'Watchmen' Cast Talk Graphic Novel's Influence On The Film
The film adaptation of “Watchmen,” one of the most celebrated graphic novels of all time, is set to hit the big screen on March 6 with high hopes set by longtime fans. And there’s a quality bar set even higher by director Zack Snyder’s (“300”) painstaking attention to detail.
Access Hollywood’s Dish of Salt, Laura Saltman (a “Watchmen” novice) and Scott “Movie” Mantz (a true fanboy) sat down with the cast of the highly anticipated film adaptation of Alan Moore’s groundbreaking 1986 graphic novel on Wednesday and talked about the source material’s influence on the movie.
Jackie Earle Hayley, who plays the masked, gravel-voiced anti-hero Rorschach in the film, weighed in on the graphic novel’s huge impact when it was first released in 1986 in twelve monthly installments.
“It changed the way people looked at comics. It changed the way people write comics,” he said. “That’s the first graphic novel that I read, and I was under the assumption that graphic novels and comics were kind of child fare. Man, that’s a work of literature, you know.”
“It is at the top of the pyramid when it comes to the comic book world for sure,” agreed Jeffrey Dean Morgan, who plays The Comedian, and whose murder at the outset of the story becomes the central mystery to be solved by his since-retired former fellow superheroes.
“I remember I read it and I put on a pot of coffee. I shook my head, I mean I was just like, ‘What did I just read?’” Jeffrey recalled.
“And I read it three more times before my meeting the next day,” he added.
The dense and groundbreaking storyline of “Watchmen” is, in part, a reason why it has endured in fans’ hearts for so long.
“I think the point is you’re taking every cliche and everything that usually works in a comic book movie or in a comic book, and turning it upside down,” said Patrick Wilson, who plays the Nite Owl, a former superhero filled with middle-age inner doubt and conflict. “That’s sort of the goal.”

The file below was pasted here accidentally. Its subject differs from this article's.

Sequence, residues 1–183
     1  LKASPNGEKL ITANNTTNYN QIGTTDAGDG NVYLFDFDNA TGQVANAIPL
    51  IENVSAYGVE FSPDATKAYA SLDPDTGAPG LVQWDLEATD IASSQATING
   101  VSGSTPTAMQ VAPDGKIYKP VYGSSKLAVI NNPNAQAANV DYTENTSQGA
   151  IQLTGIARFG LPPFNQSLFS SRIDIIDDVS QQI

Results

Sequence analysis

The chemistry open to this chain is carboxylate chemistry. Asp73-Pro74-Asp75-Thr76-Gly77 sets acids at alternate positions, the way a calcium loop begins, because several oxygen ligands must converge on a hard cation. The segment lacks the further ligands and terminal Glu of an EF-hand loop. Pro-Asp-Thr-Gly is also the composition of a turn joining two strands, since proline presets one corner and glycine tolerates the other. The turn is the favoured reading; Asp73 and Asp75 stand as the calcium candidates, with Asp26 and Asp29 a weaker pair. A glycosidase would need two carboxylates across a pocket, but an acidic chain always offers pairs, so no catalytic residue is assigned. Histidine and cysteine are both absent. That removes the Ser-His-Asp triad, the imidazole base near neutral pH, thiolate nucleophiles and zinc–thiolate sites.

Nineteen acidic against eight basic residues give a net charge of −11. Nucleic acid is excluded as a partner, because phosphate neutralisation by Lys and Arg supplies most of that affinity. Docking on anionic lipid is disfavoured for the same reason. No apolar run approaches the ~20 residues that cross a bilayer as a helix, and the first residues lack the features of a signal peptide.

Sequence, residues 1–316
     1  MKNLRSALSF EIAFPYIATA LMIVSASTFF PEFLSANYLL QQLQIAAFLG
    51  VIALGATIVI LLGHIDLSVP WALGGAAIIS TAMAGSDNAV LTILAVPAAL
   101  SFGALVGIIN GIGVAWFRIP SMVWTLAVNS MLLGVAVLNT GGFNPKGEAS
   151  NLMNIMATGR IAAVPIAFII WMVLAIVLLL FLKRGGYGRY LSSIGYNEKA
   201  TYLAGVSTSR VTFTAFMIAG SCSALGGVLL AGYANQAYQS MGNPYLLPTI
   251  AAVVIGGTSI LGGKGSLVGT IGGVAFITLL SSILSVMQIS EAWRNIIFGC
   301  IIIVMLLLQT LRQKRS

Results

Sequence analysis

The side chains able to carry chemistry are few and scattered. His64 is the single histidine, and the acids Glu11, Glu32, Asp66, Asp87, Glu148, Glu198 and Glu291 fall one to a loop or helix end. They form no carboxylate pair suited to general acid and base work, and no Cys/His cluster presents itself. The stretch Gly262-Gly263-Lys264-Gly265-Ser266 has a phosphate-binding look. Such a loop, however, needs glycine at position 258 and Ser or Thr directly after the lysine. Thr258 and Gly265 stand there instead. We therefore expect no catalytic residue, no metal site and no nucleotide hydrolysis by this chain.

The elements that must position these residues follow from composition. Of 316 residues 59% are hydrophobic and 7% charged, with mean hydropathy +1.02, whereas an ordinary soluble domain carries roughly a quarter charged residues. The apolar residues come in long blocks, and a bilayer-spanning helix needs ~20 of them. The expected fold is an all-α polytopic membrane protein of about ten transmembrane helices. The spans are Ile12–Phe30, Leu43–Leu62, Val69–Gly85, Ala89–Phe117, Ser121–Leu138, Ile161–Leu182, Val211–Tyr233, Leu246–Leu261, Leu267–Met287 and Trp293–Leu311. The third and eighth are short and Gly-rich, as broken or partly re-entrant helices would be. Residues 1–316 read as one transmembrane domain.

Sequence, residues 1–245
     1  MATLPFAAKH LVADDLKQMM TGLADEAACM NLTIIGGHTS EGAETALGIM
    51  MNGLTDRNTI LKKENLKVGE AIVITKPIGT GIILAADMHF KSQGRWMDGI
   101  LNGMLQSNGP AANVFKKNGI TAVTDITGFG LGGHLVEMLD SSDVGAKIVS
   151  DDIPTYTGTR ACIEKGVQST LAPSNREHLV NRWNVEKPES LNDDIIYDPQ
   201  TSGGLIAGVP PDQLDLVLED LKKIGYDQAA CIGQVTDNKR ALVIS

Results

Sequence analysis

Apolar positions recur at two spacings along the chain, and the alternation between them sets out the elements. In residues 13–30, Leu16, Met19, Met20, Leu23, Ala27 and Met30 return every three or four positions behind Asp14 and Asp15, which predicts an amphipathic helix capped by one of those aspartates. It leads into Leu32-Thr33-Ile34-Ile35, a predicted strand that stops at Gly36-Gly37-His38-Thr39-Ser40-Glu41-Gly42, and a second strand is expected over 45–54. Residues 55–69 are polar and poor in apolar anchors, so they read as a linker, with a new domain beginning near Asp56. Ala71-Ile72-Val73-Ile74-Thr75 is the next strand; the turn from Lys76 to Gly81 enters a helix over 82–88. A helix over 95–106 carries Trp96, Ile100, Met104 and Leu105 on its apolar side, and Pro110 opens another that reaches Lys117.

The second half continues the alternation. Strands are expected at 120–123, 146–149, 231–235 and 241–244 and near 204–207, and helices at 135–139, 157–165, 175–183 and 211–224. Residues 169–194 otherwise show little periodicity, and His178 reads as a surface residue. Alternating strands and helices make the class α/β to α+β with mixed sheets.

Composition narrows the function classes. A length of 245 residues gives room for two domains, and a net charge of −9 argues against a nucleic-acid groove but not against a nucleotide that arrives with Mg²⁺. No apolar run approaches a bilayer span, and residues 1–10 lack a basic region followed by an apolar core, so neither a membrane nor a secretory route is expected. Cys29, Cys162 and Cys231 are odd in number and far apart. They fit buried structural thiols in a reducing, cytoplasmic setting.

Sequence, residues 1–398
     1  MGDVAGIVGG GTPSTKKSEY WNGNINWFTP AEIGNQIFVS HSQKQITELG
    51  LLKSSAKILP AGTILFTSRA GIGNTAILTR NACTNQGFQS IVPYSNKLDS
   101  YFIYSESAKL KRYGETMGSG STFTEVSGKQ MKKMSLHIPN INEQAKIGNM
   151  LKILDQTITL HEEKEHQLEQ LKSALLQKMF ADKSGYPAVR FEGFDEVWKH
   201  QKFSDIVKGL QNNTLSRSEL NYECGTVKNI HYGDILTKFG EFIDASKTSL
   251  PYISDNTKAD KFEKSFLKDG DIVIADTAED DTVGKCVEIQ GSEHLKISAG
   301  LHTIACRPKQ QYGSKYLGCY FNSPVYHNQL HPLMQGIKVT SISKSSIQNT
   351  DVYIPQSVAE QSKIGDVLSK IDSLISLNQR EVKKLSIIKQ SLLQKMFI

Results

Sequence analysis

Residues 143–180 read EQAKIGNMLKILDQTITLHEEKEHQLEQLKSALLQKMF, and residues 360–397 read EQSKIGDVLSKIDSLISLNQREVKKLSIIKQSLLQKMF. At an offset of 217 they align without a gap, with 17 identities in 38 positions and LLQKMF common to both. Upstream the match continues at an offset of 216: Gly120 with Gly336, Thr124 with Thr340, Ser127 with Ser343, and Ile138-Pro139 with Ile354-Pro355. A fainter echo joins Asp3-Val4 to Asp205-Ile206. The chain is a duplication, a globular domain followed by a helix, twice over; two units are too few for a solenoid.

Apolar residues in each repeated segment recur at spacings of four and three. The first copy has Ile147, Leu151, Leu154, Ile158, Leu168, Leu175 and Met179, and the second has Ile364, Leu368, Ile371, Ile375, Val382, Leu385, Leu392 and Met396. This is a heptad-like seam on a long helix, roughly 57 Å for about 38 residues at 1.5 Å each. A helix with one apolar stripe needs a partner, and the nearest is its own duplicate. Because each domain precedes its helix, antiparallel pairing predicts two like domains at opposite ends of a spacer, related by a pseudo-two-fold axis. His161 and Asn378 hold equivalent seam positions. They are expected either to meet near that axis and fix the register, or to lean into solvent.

Matthew Goode, who plays Adrian Veidt, also known as the Alexander the Great-influenced superhero Ozymandias, added, “I suppose it starts to reach a point where people who’ve grown up with the superhero thing are now grown up. And they want grown up stuff.”
“I think it was great that ‘Dark Knight’ came out and did what it did. I think ‘Watchmen’ is going to take all those adjectives to a whole other level. I have a hard time still kind of saying this is a super hero movie,” Jeffrey said.
Hollywood’s recent fascination with costumed characters has saturated the market — but with its subversive story, “Watchmen” won’t be confused with its contemporaries.
“We’ve seen so many movies now, and so many great comic book movies. It’s nice to have one that can maybe jerk it around a little bit and open new doors. That’s the exciting thing,” Patrick said.
Regarding the question of whether ‘Watchmen’ could be translated properly to the silver screen, Jeffery stands firmly behind his director.
“I think Zack took this unfilmable book and knocked it out of the park,” he said.
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